New UN BBNJ Treaty must be robust, ambitious- SG Puna


By Mereseini Marau

The Blue Pacific has one message at the fourth session of the intergovernmental conference for the new legal instrument for the conservation and sustainable use of marine biodiversity of areas beyond national jurisdictions (BBNJ)- preserve the ocean for the future generations.

After two years’ postponement, negotiators are gathering in New York to resume negotiations on BBNJ.

Pacific Ocean Commissioner Henry Puna at the recent Indo- Pacific Ministerial meeting in Paris said the new instrument should be robust and ambitious.

As agreed by Pacific Leaders, the BBNJ instrument must contribute to the improvement of international ocean governance, meaning breaking away from the status quo of fragmented governance, Puna highlighted.

Among the priorities advanced by Pacific negotiators is the recognition of basing the framework on the best available scientific information and traditional knowledge, recognise the special circumstances of Small Island Development States, as well as the special interests and roles of coastal states. A robust conservation instrument also requires adequate and meaningful provisions of means of implementation, including capacity and technology.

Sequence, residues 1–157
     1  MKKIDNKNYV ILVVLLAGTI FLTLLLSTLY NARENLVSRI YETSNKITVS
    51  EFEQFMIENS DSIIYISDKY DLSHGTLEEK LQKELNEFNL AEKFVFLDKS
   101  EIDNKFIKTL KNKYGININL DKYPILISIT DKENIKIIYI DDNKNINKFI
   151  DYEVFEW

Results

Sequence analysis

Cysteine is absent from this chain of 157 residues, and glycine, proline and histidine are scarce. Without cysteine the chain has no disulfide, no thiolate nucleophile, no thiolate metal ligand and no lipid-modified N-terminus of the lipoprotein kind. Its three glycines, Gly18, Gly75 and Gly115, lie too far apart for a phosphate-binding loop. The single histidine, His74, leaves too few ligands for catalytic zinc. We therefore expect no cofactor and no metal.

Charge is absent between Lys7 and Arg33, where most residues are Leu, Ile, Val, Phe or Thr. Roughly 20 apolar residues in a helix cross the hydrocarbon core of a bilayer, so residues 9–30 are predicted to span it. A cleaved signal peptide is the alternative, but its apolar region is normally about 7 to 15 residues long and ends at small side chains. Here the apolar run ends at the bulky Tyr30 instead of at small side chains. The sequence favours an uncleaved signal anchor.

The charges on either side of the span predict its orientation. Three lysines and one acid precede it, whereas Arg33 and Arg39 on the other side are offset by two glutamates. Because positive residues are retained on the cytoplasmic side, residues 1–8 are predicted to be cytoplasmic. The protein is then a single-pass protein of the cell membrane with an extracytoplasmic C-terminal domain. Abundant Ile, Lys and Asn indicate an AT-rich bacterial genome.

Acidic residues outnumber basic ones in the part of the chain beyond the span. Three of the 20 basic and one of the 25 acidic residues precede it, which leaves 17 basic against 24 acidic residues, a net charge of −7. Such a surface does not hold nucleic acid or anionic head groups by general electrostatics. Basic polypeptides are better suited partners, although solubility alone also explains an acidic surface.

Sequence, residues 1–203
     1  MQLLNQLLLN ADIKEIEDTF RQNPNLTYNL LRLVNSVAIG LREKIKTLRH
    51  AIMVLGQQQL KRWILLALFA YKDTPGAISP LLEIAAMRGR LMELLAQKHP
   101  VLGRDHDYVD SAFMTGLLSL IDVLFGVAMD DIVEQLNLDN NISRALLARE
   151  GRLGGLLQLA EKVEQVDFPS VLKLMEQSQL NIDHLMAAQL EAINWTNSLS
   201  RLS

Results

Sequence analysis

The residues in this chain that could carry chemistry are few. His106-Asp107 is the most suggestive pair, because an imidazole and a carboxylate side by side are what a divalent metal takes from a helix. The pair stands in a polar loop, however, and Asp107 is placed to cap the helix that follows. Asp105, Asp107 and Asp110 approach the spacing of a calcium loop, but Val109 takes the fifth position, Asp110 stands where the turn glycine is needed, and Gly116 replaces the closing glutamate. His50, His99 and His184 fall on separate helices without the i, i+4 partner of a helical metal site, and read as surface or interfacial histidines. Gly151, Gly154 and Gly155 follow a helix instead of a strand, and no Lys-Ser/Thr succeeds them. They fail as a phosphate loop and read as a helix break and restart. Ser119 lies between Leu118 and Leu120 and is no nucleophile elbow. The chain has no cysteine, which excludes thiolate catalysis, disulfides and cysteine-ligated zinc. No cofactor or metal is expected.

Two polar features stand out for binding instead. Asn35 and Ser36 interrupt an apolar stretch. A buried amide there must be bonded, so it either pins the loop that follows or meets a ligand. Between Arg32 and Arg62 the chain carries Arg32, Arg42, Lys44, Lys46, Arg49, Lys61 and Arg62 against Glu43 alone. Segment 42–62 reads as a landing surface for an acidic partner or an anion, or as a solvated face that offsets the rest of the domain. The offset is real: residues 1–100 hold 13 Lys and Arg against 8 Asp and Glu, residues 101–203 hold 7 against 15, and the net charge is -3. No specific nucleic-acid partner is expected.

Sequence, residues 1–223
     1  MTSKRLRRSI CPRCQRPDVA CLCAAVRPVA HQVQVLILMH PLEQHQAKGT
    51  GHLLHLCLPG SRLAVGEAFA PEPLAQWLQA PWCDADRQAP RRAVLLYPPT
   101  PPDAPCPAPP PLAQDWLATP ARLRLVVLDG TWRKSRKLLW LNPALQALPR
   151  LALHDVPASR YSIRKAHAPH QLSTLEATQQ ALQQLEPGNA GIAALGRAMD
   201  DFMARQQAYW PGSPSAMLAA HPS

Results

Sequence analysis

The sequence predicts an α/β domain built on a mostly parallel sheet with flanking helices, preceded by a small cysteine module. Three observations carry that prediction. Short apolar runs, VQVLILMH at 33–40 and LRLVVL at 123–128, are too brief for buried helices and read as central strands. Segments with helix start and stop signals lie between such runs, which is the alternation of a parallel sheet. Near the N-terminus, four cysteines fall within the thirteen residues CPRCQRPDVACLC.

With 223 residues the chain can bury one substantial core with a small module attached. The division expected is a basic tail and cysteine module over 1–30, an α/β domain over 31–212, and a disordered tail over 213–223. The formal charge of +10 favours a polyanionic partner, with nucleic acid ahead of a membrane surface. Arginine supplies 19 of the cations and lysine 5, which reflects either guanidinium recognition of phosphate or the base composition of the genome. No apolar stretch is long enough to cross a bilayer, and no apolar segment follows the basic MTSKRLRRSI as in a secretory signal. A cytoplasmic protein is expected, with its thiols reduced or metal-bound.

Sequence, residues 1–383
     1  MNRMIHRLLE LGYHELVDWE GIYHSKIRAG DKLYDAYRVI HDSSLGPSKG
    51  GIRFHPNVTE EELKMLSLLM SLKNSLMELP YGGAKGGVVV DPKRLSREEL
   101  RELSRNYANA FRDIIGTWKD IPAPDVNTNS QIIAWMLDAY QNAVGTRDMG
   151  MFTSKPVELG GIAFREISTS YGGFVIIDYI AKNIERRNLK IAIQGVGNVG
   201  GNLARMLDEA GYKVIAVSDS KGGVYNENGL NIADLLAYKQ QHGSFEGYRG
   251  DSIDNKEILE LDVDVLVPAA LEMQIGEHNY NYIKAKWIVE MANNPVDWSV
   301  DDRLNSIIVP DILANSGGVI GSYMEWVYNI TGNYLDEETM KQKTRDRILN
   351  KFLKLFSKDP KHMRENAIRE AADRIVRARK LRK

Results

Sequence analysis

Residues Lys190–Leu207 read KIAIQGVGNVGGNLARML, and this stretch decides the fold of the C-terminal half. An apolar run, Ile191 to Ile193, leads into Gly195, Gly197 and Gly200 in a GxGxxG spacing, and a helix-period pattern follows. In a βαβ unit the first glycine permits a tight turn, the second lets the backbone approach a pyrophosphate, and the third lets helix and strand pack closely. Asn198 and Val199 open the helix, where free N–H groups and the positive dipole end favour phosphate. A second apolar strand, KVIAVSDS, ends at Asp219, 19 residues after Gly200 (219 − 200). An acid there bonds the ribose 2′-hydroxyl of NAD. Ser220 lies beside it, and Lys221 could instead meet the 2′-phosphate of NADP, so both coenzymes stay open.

The instrument must also be future proof: taking into account cumulative impacts of activities, as well as of climate change, has also been identified as important by negotiators.

After a brief opening by IGC President Ambassador Reena Lee of Singapore, delegates from the UN family got right into the nitty-gritty of negotiations of the draft text. Over the course of two weeks, delegates would work at finding agreement to conclude the negotiations on this critical treaty.

While abiding by a strict protocol, including limited in-person attendance in the room, wearing masks, limited negotiations times, and observing physical distance, Pacific negotiators were, like their international colleagues, eager to regroup.

The pandemic has limited participation from capital-based Pacific representatives. Pacific negotiators, mostly New York based diplomats, are supported by a team of experts from the Forum Fisheries Agency (FFA), the Secretariat of the Pacific Islands Forum (PIFS), the Pacific Community (SPC), the Secretariat of the Pacific Regional Environmental Programme (SPREP), and the Office of the Pacific Ocean Commissioner.

This round of negotiations will end on 18 March. Pacific Ocean Commissioner Puna wishes them well in their continued efforts to represent the interests of our Blue Pacific region in these critical negotiations.